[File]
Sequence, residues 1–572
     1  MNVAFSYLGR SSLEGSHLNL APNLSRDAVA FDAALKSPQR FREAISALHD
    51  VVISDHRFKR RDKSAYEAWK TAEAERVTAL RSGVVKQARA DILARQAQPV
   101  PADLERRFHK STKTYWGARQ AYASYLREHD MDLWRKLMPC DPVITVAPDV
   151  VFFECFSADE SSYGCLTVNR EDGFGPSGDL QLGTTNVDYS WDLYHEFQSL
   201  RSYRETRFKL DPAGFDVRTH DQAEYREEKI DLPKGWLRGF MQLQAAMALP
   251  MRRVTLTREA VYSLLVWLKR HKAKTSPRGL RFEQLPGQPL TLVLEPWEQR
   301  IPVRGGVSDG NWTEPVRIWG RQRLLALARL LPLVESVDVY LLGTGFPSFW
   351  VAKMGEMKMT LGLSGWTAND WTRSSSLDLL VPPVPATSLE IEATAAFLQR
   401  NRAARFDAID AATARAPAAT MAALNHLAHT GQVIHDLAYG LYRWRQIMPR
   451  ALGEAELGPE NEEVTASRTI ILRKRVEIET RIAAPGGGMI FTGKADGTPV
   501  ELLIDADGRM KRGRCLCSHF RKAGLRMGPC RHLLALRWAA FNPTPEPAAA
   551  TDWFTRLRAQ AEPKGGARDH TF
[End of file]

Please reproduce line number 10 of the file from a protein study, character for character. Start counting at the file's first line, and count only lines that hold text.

   401  NRAARFDAID AATARAPAAT MAALNHLAHT GQVIHDLAYG LYRWRQIMPR